Case of the month: January 2021 - the naughty chair

About this case study

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Case synopsis

A middle-aged patient attended for a flexible sigmoidoscopy. The patient had a body mass index (BMI) above 50 and had walked into the unit aided with a stick. The patient suffered a mechanical fall 5 weeks previously in which they had injured their hip.

A nurse assessed the patient using the unit’s endoscopy assessment tool. The mobility assessment indicated that the patient was fully mobile and did not require assistance with walking. No other information was documented. Following admission, the patient walked to the recovery area with the aid of a stick.  

In recovery, the patient sat on a standard high back armchair which was not arranged against the wall. A nurse asked the patient if they were comfortable in the allocated chair and offered them a more appropriate chair. The patient declined the offer. Shortly after, the patient wanted to use the toilet and declined assistance with walking. However, when the patient attempted to stand, the chair moved backwards and the patient fell to the floor. The patient was unable to move their leg and complained of excruciating pain. The patient had sustained a neck of femur fracture. The patient was subsequently admitted and had surgical fixation of the fracture.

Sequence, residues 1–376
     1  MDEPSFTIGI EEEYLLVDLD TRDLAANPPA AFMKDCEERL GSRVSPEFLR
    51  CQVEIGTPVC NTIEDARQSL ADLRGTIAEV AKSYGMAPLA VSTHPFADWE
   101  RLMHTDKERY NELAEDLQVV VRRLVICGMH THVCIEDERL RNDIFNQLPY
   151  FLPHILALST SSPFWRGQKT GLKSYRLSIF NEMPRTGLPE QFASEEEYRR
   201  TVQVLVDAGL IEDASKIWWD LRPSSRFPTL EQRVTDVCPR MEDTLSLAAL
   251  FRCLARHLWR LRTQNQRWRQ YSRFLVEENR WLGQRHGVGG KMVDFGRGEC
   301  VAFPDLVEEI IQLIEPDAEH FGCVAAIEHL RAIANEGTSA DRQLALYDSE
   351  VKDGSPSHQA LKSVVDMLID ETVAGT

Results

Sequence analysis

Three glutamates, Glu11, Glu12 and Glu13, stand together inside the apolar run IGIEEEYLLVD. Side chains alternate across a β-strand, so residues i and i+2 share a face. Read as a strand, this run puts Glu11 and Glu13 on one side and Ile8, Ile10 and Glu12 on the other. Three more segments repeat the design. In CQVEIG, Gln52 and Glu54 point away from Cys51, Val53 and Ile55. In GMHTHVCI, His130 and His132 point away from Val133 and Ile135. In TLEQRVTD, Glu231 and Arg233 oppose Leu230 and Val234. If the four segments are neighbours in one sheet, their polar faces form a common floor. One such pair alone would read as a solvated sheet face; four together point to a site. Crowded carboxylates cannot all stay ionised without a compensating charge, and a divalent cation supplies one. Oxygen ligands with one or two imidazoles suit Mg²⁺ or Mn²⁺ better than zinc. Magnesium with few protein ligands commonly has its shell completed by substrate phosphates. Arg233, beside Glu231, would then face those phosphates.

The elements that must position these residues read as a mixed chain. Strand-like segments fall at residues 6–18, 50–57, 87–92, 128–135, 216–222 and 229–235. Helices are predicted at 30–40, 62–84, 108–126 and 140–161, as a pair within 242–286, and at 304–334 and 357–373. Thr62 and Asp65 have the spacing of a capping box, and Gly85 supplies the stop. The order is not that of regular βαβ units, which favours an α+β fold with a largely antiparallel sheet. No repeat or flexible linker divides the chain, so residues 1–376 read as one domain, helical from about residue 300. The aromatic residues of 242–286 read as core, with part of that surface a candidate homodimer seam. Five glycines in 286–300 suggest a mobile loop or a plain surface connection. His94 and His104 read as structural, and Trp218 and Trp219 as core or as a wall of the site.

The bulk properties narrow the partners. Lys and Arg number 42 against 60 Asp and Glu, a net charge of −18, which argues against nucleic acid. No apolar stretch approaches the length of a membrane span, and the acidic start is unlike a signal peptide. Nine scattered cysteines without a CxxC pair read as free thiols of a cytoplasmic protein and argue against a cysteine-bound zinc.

Safety incidents and contributory factors

Below is a visual representation of this case. We have highlighted the incidents involved and their contributory factors:



Patient assessment

  • Patient assessment must incorporate a falls assessment and falls history. The majority of falls in endoscopy are related to patient factors, such as age, and occur during unsupervised times. Acknowledging and acting on risk can significantly reduce falls in the endoscopy unit.
  • Physical mobility and factors related to ability to complete endoscopy (ability to lie flat, turn) should be considered by the referring clinician and discussed with the patient as part of their initial consent process.


  • Endoscopy staff must identify the appropriate equipment required for bariatric patients and ensure suitable availability e.g. bariatric chair/trolley on the unit. There are numerous risks associated with manual handling of bariatric patients including patient cooperation and suitability of equipment



  • Patients should be offered chairs or other appropriate equipment to use when getting changed. Often patients rely on using trolleys or leaning on walls if there isn’t a dedicated changing room.
  • The changing rooms should have appropriate equipment for patient with mobility issues to aid them.
  • Staff should be vigilant of patients who have had sedation who may be at increased risk of falls, particularly if changing after their procedure.

Physical space

  • Chairs should be arranged against the wall to reduce movement when backward momentum is applied by patients. 
  • Staff should be mindful of trip hazards if patients are able to walk into and out of endoscopy rooms.


  • Staff education and training is essential to embed good practice in recognising the risks of falls and how we can reduce them within the patient pathway.

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